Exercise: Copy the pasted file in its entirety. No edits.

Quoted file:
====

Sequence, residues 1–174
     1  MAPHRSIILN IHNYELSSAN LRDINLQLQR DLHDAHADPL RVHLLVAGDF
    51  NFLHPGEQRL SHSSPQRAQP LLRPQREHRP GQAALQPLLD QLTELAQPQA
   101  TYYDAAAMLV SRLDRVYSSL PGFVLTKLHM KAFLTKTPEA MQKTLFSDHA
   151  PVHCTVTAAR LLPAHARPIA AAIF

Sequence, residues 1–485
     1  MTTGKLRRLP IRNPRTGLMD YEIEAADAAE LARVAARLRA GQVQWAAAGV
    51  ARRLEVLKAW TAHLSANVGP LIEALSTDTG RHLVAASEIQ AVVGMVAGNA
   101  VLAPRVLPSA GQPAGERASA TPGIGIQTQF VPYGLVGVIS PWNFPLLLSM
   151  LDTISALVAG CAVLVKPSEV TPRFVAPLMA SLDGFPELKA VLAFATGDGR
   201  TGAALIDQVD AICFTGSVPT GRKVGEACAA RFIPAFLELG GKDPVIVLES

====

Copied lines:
Sequence, residues 1–174
     1  MAPHRSIILN IHNYELSSAN LRDINLQLQR DLHDAHADPL RVHLLVAGDF
    51  NFLHPGEQRL SHSSPQRAQP LLRPQREHRP GQAALQPLLD QLTELAQPQA
   101  TYYDAAAMLV SRLDRVYSSL PGFVLTKLHM KAFLTKTPEA MQKTLFSDHA
   151  PVHCTVTAAR LLPAHARPIA AAIF

Sequence, residues 1–485
     1  MTTGKLRRLP IRNPRTGLMD YEIEAADAAE LARVAARLRA GQVQWAAAGV
    51  ARRLEVLKAW TAHLSANVGP LIEALSTDTG RHLVAASEIQ AVVGMVAGNA
   101  VLAPRVLPSA GQPAGERASA TPGIGIQTQF VPYGLVGVIS PWNFPLLLSM
   151  LDTISALVAG CAVLVKPSEV TPRFVAPLMA SLDGFPELKA VLAFATGDGR
   201  TGAALIDQVD AICFTGSVPT GRKVGEACAA RFIPAFLELG GKDPVIVLES